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Review: A Redemption of Time: A Three-Body Problem Novel

The Three-Body Problem is the Chinese science fiction series; it’s a grand romp through a first alien encounter sci-fi trope that gets progressively more epic with each novel, culminating with the fate of the universe and any humans that somehow survive across the time and space at the grandest scales. Its author, Cixin Liu, is known for infusing tremendous feats of engineering and bits of pseudo-physics into his writing; Three Body itself is a reference to an established physics problem.

As with most pieces of pop culture, Three-Body has its share of fans and hence fan-fiction. A Redemption of Time is one such piece of derived work, with the unique distinction and honor of stretching what is usually a long online forum thread into a fully-published novel, and then translated by the same translator as the original novel. A cursory reading of the online reviews for this book suggests that most people didn’t quite realize how this book came about. For a piece of fan fiction, though, A Redemption of Time is mostly well-written, at least in terms of its literary mechanics—granted, some of it may just be the quality of the translation.

From a plot standpoint, however, it’s clear that this is indeed fan service: the book doesn’t seek to expand beyond the Three Body universe but rather explain some of the gaps between the tentpoles set up by the series, in particular, with the massive leaps of galactic and universal scale that the final book takes to the story. I suspect that the author felt they had little artistic license to create ex nihilo, and straying too far from the source material was probably not something that their intended audience would want anyway.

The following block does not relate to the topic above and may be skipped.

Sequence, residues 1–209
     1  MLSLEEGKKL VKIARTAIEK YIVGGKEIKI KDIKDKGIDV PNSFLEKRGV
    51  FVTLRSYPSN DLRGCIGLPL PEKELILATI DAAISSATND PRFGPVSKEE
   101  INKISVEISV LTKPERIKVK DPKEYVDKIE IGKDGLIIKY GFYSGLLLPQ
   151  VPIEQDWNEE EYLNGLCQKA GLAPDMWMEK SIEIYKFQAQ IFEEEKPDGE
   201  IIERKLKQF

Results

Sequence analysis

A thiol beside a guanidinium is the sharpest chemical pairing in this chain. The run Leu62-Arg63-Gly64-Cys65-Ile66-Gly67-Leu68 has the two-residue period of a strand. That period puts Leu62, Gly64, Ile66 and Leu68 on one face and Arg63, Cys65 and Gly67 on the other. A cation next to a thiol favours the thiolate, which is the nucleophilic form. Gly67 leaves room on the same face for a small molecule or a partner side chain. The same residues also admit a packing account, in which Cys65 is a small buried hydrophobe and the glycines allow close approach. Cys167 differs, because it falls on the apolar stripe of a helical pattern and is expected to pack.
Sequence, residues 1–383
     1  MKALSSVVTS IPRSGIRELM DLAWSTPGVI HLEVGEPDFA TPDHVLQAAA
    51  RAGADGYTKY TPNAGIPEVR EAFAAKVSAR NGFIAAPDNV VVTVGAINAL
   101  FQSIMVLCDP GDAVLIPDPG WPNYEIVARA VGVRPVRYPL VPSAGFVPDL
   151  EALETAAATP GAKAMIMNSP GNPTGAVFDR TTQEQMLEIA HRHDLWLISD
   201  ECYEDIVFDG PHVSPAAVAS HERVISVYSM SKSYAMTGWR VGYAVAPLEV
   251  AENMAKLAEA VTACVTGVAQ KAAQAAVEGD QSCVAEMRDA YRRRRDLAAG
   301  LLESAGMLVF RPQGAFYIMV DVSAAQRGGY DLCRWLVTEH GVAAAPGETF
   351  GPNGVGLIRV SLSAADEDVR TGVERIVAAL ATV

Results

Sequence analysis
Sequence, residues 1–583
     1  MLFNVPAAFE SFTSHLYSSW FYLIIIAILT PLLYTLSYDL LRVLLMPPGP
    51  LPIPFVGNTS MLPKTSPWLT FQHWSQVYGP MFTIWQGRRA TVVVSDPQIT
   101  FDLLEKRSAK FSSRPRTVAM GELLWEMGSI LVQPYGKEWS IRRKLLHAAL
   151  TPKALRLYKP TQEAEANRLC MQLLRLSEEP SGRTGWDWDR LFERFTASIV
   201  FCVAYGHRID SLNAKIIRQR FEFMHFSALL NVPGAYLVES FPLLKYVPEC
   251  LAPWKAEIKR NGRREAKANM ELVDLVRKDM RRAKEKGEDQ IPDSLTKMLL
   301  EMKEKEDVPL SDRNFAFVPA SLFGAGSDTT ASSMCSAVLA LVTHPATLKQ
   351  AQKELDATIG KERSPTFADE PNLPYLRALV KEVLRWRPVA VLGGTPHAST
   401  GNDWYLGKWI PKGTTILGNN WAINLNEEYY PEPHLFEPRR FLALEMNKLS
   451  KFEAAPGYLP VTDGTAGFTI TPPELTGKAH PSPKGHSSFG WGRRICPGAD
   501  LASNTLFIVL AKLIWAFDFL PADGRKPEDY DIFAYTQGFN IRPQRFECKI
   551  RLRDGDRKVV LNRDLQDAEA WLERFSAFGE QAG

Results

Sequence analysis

How this plot ties desperate story elements together is sometimes clever, sometimes convoluted. At its best, it does a good job reconstructing and refitting characters and plot points into cohesion, almost as if they were initially designed to be connected. Other times, the chapters get bogged down by too much talking and explanation, with extra doses of 21st century anthropomorphism1 which feel completely out of place when everything else is talking about destroying solar systems to affect multiverses. It’s a bit like how Star Trek’s 30th century citizens always seem to go back to 80s and 90s Americana for reference points.

Of course, many of these criticisms don’t matter when the entire point of A Redemption of Time is to provide just a bit more fleshing out of the Three Body world and give a sense of closure to some of its open-ended plot points. Know that this is what you’re getting coming into this book, and it should hit all the guilty pleasure points that can come from well-meaning fan fiction.


  1. Or worse, references of 20th century China, which the author somehow works in a reference…in a conversation between a pair of aliens.

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